We are less than a week away from a significant turning point in the NFL offseason — June 1st. Teams around the league will part ways with players via trade or cut with a post-June 1st designation for salary cap purposes. And it’s beginning to look a lot like the Falcons will be one of those teams involved. According to Jeff Schultz of The Athletic, Atlanta parting ways with Deion Jones is “warranted and likely imminent.”
Jones is the final parting gift from the previous regime. Terry Fontenot has rid the entire roster of the bloated contracts of aging veterans he inherited from Thomas Dimitroff. The Falcons front office recently extended Grady Jarrett and Jake Matthews, so Debo really is the last item on Atlanta’s “to-do” list when cleaning house.
The former LSU Tiger burst onto the season when he was selected in the second round of the 2016 draft, quickly making All-Rookie teams, Pro Bowls, and game-changing plays against the Falcons’ most hated rivals — the New Orleans Saints. As an LSU alumnus myself, Jones was always one of my favorite players, so when Atlanta handed him a four-year, $57 million extension before the 2019 season, I was ecstatic. However, a fall from grace ensued. He essentially got worse in every facet of the game.
Now, it seems all but certain the Falcons will part ways with him next week. What’s most concerning about the entire situation is the indictment from Jeff Schultz of Jones’s leadership qualities. “If Jones had a leadership presence for younger players, the team could justify keeping him in 2022. But he has been anything but that.”
Though I may not agree with some things Schultz says, it is incredibly revealing that a reporter would put himself out there like this. He wouldn’t say something so critical without having sufficient evidence to back it up, which leads me to believe the Falcons genuinely don’t see a future with Deion Jones in it. So what are the financial ramifications if Atlanta parts ways with Debo?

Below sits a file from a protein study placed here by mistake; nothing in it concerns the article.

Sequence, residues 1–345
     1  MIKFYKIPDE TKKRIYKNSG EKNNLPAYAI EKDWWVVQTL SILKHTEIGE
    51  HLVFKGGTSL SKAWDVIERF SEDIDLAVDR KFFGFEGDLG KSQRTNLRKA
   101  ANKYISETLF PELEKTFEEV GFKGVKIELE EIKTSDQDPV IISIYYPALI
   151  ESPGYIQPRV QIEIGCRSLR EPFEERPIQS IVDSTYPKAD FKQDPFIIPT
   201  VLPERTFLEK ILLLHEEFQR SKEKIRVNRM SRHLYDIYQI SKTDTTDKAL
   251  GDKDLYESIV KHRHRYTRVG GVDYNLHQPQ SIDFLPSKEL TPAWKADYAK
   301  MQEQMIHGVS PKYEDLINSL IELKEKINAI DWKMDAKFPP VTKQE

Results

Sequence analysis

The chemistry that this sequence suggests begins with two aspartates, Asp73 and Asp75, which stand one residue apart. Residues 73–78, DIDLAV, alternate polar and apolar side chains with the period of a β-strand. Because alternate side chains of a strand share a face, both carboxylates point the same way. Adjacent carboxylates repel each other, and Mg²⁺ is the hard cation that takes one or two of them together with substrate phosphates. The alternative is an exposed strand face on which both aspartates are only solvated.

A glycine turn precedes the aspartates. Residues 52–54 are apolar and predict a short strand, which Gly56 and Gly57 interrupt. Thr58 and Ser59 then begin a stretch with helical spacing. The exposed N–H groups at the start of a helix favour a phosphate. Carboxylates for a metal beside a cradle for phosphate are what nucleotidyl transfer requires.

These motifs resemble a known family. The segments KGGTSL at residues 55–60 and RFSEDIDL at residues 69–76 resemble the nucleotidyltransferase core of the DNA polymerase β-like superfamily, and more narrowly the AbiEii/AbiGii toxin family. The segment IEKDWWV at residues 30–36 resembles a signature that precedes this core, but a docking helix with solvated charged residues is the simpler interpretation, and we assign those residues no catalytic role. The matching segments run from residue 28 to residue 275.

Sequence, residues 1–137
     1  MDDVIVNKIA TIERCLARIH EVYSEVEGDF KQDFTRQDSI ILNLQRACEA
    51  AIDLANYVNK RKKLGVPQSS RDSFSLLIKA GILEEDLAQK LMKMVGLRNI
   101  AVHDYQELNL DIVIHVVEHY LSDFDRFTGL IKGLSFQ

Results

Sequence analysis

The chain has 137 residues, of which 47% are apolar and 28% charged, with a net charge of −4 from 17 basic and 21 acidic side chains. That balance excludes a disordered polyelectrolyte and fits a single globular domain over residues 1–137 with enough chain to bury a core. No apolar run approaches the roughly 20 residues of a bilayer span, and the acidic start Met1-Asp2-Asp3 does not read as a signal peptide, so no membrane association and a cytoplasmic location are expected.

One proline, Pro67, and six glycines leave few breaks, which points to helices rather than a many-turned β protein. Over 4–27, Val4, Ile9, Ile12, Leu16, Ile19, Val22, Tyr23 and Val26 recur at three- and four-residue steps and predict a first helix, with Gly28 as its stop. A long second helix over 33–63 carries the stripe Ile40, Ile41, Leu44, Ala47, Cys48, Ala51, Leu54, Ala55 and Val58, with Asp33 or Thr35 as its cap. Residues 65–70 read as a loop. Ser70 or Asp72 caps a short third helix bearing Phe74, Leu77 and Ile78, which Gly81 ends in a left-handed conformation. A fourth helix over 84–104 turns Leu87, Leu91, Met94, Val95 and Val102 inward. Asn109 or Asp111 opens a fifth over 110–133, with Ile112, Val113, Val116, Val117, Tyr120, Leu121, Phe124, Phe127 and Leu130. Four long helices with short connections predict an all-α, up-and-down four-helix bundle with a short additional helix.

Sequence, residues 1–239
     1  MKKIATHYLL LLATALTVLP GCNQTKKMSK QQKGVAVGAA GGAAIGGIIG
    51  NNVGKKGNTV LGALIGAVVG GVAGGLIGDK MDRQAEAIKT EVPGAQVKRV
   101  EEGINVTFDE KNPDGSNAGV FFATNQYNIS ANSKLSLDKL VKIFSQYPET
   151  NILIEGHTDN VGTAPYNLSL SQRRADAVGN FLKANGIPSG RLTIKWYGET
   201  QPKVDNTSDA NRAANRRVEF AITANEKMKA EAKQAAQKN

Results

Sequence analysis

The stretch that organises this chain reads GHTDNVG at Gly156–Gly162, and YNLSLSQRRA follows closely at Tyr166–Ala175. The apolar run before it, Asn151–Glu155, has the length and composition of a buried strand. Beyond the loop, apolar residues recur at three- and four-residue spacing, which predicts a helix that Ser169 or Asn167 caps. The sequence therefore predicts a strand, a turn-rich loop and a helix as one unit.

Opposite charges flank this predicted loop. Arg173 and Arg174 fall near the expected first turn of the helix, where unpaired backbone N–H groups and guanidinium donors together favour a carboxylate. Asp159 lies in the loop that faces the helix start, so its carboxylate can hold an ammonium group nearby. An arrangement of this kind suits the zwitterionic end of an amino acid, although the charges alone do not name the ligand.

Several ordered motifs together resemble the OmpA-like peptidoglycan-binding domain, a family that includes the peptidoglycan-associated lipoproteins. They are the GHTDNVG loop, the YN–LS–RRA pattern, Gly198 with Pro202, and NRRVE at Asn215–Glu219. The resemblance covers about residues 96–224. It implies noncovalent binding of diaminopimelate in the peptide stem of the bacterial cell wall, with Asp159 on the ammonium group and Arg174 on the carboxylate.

Jones was extended in 2019 and then restructured in 2021 with a team-high cap hit of $20.05 million in 2022. The Falcons can either cut or trade him with a post-June 1st designation. According to OverTheCap, cutting him would create nearly $19 million in dead money with a savings of $1.07 million this season, but the advantage would be him being off the books next season. The Falcons would have cap savings in 2023 of $13.1 million and dead money of $5.3 million. If they did indeed part ways with Jones in this fashion, Atlanta would have a record-breaking $82 million in dead cap, which is 40% of the total cap.
Obviously, that isn’t the ideal scenario. That is a ton more dead money for a team that is already setting records in that sense. If it were the Falcons’ preference, they’d trade him with a June 1st designation. The dead cap figure would only be $5.34 million in 2022 and 2023, with savings of $14.7 million and $13.1 million, respectively.
It might be challenging to find a suitor willing to take on all of Jones’s contract. His guaranteed salary of $13.64 million isn’t a horrible price, but he is only 27, and a team with a need at the position could see a change of scenery is worth the risk of taking on his contract. More than likely, if the Falcons can find a trade partner, they’ll have to absorb some of his contract. Although, Fontenot’s goal is to get most if not all of his money off the books, and I bet he’d be willing to take a less valuable draft pick.
The Falcons bolstered the position this offseason, softening the blow of a potential divorce with Jones. Atlanta drafted Troy Andersen in the second round, signed Rashaan Evans and Nick Kwiatkoski, and still has Mykal Walker on the roster. The Falcons don’t have much depth on the roster, but linebacker is one of the few units that could handle a loss.